What We Do
Red Rock Lakes National Wildlife Refuge is a conservation leader in the Centennial Valley working to maintain, mimic, and where appropriate, restore natural processes to create and sustain native habitat for migratory fish and wildlife.
Management and Conservation
The ongoing conservation efforts at Red Rock Lakes National Wildlife Refuge aim to provide habitat for breeding and staging migratory birds, native fishes, and both resident and migratory wildlife that maintains the biological diversity and integrity of this montane wetland system.
The Comprehensive Conservation Plan sets the direction for management and use of the Refuge, and includes the following major actions:
- Maintain high productivity in wetlands to benefit nesting and migrating trumpeter swans and other waterfowl.
- Restore two modified wetlands (32 acres) back to a free-flowing, historical spawning stream for the lower 48 states’ last known population of adfluvial Arctic grayling fish. (Adfluvial: lake inhabitant that breeds in a river.)
- Increase opportunities for environmental education and interpretation to better orient visitors to the values of the Refuge and the Centennial Valley.
- Provide and expand opportunities for quality hunting and fishing experiences while ensuring that trumpeter swans and other priority migratory birds have protected resting areas.
Comprehensive Conservation Planning
The purpose of a CCP is to specify a management direction for the Refuge for the next 15 years. The goals, objectives, and strategies for improving Refuge conditions, including the types of habitat we will provide, partnership opportunities, and management actions needed to achieve desired conditions, are described in the CCP. The Service’s preferred alternative for managing the Refuge and its effects on the human environment, are described in the CCP as well.
The Refuge System is managed by the Fish and Wildlife Service (Service), an agency within the U.S. Department of the Interior. The Service is the primary Federal entity responsible for conserving and enhancing the Nation’s fish and wildlife populations and their habitats. Although the Service shares this responsibility with other Federal, State, tribal, local, and private entities, the Service has specific trust resource responsibilities for migratory birds, threatened and endangered species, certain anadromous fish, certain marine mammals, coral reef ecosystems, wetlands, and other special aquatic habitats. The Service also has similar trust responsibilities for the lands and waters it administers to support the conservation and enhancement of all fish and wildlife and their associated habitats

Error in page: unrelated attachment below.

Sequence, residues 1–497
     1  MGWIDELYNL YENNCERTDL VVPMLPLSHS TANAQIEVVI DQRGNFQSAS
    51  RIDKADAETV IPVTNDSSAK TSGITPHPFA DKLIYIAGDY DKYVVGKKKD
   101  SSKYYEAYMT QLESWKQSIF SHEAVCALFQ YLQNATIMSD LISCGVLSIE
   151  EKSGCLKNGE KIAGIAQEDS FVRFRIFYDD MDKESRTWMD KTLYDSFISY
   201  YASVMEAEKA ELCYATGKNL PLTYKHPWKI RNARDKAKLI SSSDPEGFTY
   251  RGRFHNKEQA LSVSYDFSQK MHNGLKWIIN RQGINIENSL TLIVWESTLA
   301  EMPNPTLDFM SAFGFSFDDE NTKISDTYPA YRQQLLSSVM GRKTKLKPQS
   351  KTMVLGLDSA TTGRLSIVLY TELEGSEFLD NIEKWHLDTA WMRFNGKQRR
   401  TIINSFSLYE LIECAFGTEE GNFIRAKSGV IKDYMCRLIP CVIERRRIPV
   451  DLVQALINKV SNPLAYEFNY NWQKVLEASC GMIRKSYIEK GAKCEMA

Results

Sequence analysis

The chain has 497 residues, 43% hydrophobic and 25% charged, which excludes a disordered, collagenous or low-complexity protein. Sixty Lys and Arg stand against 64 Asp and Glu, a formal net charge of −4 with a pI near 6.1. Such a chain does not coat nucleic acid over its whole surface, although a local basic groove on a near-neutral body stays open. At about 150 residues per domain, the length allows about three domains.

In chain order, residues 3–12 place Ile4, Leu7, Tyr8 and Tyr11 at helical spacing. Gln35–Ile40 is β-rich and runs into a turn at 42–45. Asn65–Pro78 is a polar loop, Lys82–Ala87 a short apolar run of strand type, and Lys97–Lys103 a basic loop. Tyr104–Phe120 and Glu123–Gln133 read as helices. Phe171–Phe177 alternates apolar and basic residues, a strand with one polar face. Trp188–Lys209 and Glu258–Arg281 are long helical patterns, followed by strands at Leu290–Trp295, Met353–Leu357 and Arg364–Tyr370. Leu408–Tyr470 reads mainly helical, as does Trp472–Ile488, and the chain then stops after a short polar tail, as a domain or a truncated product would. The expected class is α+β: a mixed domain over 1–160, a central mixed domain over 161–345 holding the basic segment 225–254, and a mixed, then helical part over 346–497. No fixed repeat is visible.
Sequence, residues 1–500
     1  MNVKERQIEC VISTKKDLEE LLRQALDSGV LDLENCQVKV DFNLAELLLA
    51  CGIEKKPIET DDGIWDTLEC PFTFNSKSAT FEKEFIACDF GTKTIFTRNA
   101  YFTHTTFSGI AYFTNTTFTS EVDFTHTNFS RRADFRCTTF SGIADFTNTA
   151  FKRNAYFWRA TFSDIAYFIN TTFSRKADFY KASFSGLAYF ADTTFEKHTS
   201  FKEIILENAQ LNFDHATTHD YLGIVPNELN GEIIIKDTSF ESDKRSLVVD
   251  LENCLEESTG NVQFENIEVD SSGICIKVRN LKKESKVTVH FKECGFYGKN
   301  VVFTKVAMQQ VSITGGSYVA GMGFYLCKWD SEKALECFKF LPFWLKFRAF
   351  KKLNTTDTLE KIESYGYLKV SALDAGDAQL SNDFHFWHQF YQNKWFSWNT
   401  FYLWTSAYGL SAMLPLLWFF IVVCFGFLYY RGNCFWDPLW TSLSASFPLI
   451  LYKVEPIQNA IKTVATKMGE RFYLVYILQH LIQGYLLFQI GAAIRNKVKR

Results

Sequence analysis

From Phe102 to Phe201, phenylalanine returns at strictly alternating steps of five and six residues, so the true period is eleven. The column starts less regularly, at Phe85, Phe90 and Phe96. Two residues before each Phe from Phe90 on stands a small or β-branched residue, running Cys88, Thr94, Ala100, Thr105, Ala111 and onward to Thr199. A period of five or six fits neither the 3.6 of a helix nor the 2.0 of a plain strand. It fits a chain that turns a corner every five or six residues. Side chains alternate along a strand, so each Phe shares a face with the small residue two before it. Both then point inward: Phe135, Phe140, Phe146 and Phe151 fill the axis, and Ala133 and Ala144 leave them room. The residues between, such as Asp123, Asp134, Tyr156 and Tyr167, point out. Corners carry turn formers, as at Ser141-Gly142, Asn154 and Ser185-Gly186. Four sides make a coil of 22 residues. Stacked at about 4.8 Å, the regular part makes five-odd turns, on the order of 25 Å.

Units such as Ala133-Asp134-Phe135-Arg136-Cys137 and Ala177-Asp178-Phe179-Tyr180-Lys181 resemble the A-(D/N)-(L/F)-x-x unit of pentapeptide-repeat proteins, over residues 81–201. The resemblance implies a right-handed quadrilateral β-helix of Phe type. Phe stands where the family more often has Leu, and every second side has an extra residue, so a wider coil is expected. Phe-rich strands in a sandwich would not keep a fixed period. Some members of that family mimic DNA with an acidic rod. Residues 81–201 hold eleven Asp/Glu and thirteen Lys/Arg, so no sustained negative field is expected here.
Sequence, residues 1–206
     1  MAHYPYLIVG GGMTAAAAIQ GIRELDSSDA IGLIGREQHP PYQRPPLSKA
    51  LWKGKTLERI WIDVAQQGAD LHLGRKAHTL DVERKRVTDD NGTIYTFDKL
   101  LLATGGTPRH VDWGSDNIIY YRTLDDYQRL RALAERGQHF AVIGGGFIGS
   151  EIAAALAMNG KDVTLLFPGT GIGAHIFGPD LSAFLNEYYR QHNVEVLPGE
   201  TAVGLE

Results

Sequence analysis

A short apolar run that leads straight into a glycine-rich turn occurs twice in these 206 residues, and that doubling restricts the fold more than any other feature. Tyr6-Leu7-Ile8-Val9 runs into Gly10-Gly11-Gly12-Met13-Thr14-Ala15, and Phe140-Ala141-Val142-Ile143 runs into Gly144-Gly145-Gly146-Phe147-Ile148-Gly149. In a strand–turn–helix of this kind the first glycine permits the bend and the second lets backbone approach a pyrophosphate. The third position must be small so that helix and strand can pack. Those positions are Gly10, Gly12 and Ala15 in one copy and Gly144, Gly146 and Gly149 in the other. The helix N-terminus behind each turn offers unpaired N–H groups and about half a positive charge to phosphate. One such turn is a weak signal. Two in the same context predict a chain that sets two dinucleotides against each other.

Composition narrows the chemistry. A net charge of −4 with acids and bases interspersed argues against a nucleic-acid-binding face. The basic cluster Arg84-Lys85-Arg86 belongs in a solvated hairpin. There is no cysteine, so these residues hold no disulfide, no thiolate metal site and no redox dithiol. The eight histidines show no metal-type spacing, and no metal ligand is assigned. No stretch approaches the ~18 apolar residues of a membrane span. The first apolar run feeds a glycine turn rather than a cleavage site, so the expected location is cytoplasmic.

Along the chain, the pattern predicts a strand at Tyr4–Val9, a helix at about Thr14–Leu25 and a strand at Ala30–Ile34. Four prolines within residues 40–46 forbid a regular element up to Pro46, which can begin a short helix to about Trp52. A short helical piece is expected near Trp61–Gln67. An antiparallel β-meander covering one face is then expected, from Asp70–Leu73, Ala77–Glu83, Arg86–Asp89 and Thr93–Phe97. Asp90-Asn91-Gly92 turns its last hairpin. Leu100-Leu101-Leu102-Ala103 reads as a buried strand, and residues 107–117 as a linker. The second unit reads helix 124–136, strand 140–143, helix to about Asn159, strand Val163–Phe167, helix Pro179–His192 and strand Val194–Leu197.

To maintain the wilderness and the sense of solitude of the Refuge, facilities are minimized and limited to a Visitor Center with some exhibits on display, and two primitive campgrounds - one each at Upper and Lower Red Rock Lakes.
Our Projects and Research
Some of the recent and ongoing Refuge research projects include:
- Integrated restoration strategy for cheatgrass in landscapes
- Impacts of cheatgrass on sagebrush songbirds and their habitat
- Nesting ecology of trumpeter swans
- Breeding ecology of sage-grouse in southwestern Montana
- Restoration of sagebrush meadow habitats
- Linking beaver dam affected flow dynamics to upstream passage of arctic grayling winter survival, resource use, and hypoxia impacts to Arctic grayling in Upper Red Rock Lake
- Mountain camera trap surveys for carnivore inventory
- Willow browse surveys to assess effects of moose herbivory on willow community health
- Mountain bluebird nest box trail
- Invasive plant removal for enhanced wildlife habitat
- Aspen reforestation
Refuge staff includes Federal Law Enforcement as well as working closely with surrounding Federal, State, and Local Law enforcement agencies to help facilitate all visitors' quality experience while on the Refuge.